Iraqis Confront Mysteries of Capitalism

Just three years ago, Iraq had one of the most rigidly controlled economies in the world. Today Iraqis are struggling to understand an emerging capitalist system.

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Iraq's political parties are still negotiating the composition of a new government. But whoever ends up in power, the country will continue a rather remarkable economic transition.

Just three years ago, under Sadam Hussein, Iraq had a rigidly controlled socialist economy. Today it‘s in the process of becoming free market and capitalist, which means tens of thousands of government employees have to change how they do their jobs.

NPR's Adam Davidson has this story about one group of Iraqis struggling to understand capitalism.

ADAM DAVIDSON reporting:

Up until the war, Jameel al-Dhibar(ph) had a job that doesn't exist in Iraq anymore. He set the price of agricultural goods.

Mr. JAMEEL AL-DHIBAR (Iraqi government worker): For wheat, barley, fruits and vegetables, and so on.

DAVIDSON: He was the chief agricultural economist on a committee that set the price of wheat once or twice a year.

AL-DHIBAR: But for fruits and vegetables there were pricing ceiling -- weekly.

DAVIDSON: Farmers brought their produce to government centers and were paid the price that Dhibar and his team came up with.

AL-DHIBAR: Now, after we changed over the regime two and a half years ago, now we have a free market system. So everything has been broken.

DAVIDSON: Farmers sell to mills or to wholesalers at whatever the market bears. Prices have sprung up. Before Dhibar had set wheat prices at around $120.00 a ton. Today farmers are getting more than $200.00 a ton.

Dhibar said he always thought Iraq would be better off with capitalism.

DHIBAR: I know that very well. But I could not present it legally.

DAVIDSON: Promoting capitalism would have gotten him arrested, maybe tortured and killed. He couldn't teach capitalism in his classes at Baghdad University. He says he still remembers reading Adam Smith before Sadam's regime, and it's all coming back to him now. But he needs training, he says.

(Soundbite of classroom chatter)

DAVIDSON: And that's why he and eight other Ministry of Agriculture staffers came to Amman, Jordan, to learn how Iraq can apply to join the World Trade Organization, or WTO. Their teacher is a South African trade lawyer named Hilton Zuncle.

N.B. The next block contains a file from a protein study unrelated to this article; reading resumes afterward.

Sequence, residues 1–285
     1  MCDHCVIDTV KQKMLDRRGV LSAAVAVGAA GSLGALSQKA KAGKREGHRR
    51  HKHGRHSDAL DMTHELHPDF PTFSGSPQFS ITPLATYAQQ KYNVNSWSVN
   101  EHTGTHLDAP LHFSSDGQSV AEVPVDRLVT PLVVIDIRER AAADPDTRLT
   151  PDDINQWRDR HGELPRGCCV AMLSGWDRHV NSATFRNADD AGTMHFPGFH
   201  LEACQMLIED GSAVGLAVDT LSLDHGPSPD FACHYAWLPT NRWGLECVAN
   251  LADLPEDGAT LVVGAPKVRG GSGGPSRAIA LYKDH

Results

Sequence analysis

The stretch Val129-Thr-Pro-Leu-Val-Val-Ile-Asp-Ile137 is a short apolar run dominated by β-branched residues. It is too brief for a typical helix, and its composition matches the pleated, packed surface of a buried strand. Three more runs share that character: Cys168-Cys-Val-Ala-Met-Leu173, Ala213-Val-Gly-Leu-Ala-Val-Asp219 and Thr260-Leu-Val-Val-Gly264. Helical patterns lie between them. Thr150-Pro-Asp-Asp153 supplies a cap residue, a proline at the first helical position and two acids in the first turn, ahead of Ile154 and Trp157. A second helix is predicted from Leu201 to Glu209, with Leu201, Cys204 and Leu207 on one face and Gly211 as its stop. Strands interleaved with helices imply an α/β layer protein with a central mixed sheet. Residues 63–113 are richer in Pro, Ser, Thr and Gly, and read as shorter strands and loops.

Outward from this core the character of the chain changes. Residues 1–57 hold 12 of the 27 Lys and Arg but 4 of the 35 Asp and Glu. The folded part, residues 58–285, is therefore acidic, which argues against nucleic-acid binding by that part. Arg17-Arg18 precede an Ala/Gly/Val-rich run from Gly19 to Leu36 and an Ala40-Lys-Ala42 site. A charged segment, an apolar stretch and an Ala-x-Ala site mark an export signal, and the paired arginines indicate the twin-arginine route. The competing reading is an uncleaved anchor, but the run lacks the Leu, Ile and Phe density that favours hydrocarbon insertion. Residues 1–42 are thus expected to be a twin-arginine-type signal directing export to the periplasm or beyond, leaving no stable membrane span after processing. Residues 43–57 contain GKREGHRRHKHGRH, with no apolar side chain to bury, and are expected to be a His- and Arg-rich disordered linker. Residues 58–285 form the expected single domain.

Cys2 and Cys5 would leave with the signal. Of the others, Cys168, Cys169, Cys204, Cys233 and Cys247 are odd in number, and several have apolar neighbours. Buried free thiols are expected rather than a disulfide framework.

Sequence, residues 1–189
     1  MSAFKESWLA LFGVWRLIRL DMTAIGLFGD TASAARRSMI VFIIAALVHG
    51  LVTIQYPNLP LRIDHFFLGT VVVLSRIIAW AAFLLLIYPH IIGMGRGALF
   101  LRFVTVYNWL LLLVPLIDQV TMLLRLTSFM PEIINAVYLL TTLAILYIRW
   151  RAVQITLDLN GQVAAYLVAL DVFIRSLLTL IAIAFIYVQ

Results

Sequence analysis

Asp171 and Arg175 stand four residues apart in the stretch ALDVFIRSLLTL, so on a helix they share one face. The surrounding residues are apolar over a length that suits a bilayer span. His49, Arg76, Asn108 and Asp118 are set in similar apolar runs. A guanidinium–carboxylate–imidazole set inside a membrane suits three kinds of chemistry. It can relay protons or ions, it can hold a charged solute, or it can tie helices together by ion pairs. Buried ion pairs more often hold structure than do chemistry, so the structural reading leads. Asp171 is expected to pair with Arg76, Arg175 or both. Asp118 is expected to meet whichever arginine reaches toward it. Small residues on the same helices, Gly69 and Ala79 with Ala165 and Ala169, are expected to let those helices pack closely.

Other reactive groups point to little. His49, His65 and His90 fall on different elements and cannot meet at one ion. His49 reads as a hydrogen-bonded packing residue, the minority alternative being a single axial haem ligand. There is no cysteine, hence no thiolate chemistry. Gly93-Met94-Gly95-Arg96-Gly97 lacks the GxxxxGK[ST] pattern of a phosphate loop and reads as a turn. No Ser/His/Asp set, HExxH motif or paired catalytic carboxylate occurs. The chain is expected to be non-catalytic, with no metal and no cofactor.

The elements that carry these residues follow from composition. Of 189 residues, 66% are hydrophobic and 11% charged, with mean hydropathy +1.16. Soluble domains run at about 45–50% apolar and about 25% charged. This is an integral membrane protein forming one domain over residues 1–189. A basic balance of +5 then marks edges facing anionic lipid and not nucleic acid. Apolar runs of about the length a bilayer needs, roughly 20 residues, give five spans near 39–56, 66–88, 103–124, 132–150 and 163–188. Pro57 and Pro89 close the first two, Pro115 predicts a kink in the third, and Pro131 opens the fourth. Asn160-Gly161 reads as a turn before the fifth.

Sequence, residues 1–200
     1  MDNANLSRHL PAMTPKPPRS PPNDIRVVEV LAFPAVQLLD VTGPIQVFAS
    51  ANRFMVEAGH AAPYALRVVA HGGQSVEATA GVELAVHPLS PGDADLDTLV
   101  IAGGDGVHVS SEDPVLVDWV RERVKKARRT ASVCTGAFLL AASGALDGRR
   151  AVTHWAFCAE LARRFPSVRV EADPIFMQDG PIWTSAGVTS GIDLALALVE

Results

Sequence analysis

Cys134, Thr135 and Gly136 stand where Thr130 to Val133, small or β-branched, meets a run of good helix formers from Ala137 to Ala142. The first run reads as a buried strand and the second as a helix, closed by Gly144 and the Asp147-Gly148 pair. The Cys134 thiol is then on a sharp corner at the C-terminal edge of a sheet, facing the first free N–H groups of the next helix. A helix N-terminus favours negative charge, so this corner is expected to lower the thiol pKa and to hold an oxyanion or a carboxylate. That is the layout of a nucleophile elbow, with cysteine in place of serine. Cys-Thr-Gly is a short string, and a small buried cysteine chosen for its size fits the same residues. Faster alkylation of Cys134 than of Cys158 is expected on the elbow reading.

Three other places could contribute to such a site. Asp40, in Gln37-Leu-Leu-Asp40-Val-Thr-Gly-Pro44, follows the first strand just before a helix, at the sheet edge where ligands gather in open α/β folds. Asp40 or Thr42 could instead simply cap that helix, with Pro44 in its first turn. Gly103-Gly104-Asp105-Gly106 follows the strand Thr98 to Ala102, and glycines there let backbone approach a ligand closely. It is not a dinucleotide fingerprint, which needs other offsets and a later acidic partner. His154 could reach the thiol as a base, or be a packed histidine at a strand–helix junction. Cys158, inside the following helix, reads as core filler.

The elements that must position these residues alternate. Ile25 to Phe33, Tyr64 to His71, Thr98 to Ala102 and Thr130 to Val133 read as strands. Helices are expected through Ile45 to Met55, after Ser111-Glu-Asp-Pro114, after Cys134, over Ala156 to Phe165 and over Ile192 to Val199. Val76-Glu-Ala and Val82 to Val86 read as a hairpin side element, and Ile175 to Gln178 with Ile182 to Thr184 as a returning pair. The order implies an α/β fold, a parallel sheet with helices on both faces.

MR. HILTON ZUNCLE (Trade lawyer, South Africa): It's like uncle with a zed on the front -- Zuncle. And Hilton like the hotel.

DAVIDSON: The class is eight hours a day for five days, in a large conference room in a slightly faded hotel in central Amman. The week started with some economics 101. Zuncle explained comparative advantage. That's the economic theory central to capitalism that poor and inefficient countries can benefit from international trade just as much as advanced rich ones.

Zuncle says this is the central principle of WTO laws.

Mr. ZUNCLE: So from this point onwards, whether you agree with neo-classical economics, whether you are Communist, a Fascist or a Martian is irrelevant. The reality of our world in trade is that this is a principle that applies -- okay? -- and this is a principle we have to fit in with if we're going to be part of the trading system.

DAVIDSON: Other than oil, Iraq has had almost no exports for well over a decade. But the Agriculture Ministry employees here believe Iraq has one thing the rest of the world might want --dates, the desert fruit. Iraq is famous for having the very best dates.

By joining the WTO, Zuncle explained, Iraq has the best chance for selling dates and developing its economy. But Hilal Mohammad(ph), the head of Iraq's WTO Accession Committee, says however good capitalism sounds in books, he's not convinced it actually works.

Mr. HILAL MOHAMMAD: How far are these principles you are talking about far away from reality?

DAVIDSON: This question spurred a long discussion. Some of the Iraqis said they were certain the capitalist theory works, and joining the WTO would bring great things to Iraq. Others said the theory is bunk, it doesn't work in practice at all. Rich countries will get all the benefits.

This argument, of course, is not unique to Iraq. Many developing countries are debating whether or not the WTO benefits the world's poor. Zuncle asked the group to vote. Does world trade follow the theory? Does it benefit poor countries? He said he wanted a yes or no answer.

UNIDENTIFIED MAN: Yes and no.

(Soundbite of laughter)

DAVIDSON: Seven voted for yes, the world trade system can benefit countries like Iraq, as well as more developed ones like the United States. Three voted no. Surprisingly, Zuncle, the teacher, was one of the ‘no' votes. He said that as long as rich countries like the US and France keep subsidizing their farmers, the system will be skewed in favor of wealthy countries.

The agricultural economist, Dhibar, said it doesn't matter if the system is skewed. There's no choice.

DHIBAR: This is the way we have to go through it, whether we like it or not. It's something imposed all over the world.

DAVIDSON: Zuncle agreed, and said even if wealthy countries do protect their markets, Iraq is still better off joining in than sitting out.

Adam Davidson, NPR News.

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